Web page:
Smog checks are the natural consequence of using legst gas technology, a problem that will go away by itself soon, maybe Pacifica 2018 or 2019 pure BEV?

Problem is BEV only is not practical for a Minivan unless it has like 450 mile range at 75 to 80 mph and 30 or 45 minute charge time.

My use case for a van, and many other people’s, is to haul kids around town during the day, to state competitions on weekends, and finally holiday travel with the family. Last thing I want to be doing on a road trip is stopping every 2 hours for a 1 hour charge stop with a bunch of cranky children.

Where are you driving to need 450 miles? Are you sure about that?

Almost all family vacations with kids for me were to the Outer banks, which is less than 300 miles from my house. For farther vacations, like Disney World, we just flew. Also, the Outer Banks are in across the state line so any “state competition” would be even less far.

450 miles at 75 to 80 MPH?? Do you and your family pee in bottles while driving?

Our family resorted to taking the gas minivan when we drive from CO to AZ in October – 750 miles. We followed a Tesla Supercharger route the entire way (was not out of the way at all) – and I stopped at the Tesla SuperChargers on the route too – it would have added no more than 30 minutes to that drive had we taken a 200 mile range EV with Super Charging capabilities.

If you actually drive with a family (wife/kids) – it’s quite likely you are stopping more frequently and for longer than the Tesla SuperChargers would need.

Even the 315 mile range of the Tesla Model S P100D is more than anyone needs in my opinion! As long as you can do 200 miles on the highway at 65 to 70 MPH with the heat on when it is 15 deg F outside, you are then good for any trip you’d ever take.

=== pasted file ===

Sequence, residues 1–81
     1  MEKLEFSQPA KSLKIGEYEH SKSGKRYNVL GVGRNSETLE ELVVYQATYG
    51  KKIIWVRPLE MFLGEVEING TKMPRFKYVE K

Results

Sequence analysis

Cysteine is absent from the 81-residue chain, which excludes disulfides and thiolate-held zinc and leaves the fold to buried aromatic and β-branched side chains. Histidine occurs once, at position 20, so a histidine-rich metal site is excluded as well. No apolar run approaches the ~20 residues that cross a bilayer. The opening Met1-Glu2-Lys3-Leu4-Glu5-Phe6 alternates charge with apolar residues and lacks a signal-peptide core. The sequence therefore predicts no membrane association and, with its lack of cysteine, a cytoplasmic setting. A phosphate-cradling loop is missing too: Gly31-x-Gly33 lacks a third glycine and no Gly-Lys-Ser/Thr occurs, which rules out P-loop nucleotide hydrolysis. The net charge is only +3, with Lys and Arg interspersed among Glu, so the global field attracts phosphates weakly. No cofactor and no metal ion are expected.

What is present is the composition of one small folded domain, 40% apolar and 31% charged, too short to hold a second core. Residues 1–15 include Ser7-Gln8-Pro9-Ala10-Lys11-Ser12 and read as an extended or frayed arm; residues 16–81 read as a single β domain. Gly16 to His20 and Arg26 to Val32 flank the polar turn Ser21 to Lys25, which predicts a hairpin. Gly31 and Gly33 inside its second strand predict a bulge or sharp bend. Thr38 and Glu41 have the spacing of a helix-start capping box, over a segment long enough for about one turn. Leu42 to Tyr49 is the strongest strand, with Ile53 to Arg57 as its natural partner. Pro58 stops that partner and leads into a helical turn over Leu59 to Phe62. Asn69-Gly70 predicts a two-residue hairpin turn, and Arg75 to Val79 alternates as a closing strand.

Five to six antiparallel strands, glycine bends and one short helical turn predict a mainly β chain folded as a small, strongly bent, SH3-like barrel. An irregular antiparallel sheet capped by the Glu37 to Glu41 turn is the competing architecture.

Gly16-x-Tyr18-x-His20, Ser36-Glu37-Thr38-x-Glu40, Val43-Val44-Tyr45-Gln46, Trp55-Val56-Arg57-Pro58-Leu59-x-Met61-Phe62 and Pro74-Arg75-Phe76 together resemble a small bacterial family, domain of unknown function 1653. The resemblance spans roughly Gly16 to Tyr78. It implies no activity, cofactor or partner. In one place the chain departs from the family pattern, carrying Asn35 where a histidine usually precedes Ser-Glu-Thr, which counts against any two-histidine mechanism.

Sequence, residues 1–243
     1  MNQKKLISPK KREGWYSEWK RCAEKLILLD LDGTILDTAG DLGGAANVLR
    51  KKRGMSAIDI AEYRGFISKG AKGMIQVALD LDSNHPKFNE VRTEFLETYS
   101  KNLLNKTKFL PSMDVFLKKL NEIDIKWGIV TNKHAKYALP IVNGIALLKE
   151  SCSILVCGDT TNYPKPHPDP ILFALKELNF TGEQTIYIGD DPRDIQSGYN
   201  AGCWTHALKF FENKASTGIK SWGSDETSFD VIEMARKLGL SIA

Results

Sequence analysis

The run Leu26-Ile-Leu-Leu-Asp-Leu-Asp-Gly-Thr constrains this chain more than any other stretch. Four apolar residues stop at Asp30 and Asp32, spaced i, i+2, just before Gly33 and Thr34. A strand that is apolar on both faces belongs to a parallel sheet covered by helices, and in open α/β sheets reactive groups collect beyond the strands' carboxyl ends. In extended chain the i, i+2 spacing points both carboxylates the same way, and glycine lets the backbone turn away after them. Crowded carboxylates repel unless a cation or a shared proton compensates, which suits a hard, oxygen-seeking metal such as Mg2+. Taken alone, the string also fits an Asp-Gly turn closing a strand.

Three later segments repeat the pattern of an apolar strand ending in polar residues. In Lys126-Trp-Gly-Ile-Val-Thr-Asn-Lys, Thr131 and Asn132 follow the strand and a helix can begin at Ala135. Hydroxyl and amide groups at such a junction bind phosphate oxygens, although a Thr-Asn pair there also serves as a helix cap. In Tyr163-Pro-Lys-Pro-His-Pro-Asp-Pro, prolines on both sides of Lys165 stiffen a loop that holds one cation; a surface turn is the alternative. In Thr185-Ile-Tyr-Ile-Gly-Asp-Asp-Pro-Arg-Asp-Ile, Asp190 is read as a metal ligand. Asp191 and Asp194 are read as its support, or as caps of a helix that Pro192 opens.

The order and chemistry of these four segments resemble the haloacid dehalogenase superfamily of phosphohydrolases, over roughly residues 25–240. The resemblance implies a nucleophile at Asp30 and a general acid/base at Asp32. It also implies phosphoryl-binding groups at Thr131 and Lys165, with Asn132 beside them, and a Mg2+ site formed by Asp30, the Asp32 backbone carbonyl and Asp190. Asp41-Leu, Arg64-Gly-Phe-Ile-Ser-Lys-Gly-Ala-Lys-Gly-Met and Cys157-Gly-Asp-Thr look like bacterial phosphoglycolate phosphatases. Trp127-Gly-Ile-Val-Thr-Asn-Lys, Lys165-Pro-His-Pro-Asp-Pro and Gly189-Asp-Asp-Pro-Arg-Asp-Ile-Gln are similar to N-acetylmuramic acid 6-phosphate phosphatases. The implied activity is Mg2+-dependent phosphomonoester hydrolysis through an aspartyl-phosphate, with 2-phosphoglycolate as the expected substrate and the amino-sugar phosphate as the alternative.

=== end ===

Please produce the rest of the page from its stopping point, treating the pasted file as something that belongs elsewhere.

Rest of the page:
I’m with Viking79 but my 450 is 350 at 75 MPH. I will generally feed the kids dinner in the car when we leave and stop once for a 10 minute pee break. The last thing I want to do with 4 kids while on a long road trip is wait an hour to charge. I think what Chrysler is offering right now is the sweet spot and I hope they succeed beyond their wildest dreams. I’m truly amazed at how good the numbers are for this car and it has quickly moved to the top of my list for next car purchase.

We live in NW florida with annual Disney passes a s well as friends in Miami/Dade.. This year we’ve driven4 times to disney and further- each time 800-1100 round trip… with the pacifica hybrid it would be 1 tank of gas each way.. without it is 3-5 tanks round trip… plane fare is often in the 4-500 range per person… x 5-6 persons… a Tessa with kids a no, no!.. for a complete electric.. I’ll trade in my (future) Pacifica hybrid.. IF it can get minimum 350-500 range at 75 mph.. BTW.. most families (>4 persons) who don’t have a real airport hub.. the cost of plane fare is prohibitive and so most drive… including 40-60 % of snowbirds to florida.. the range is a must.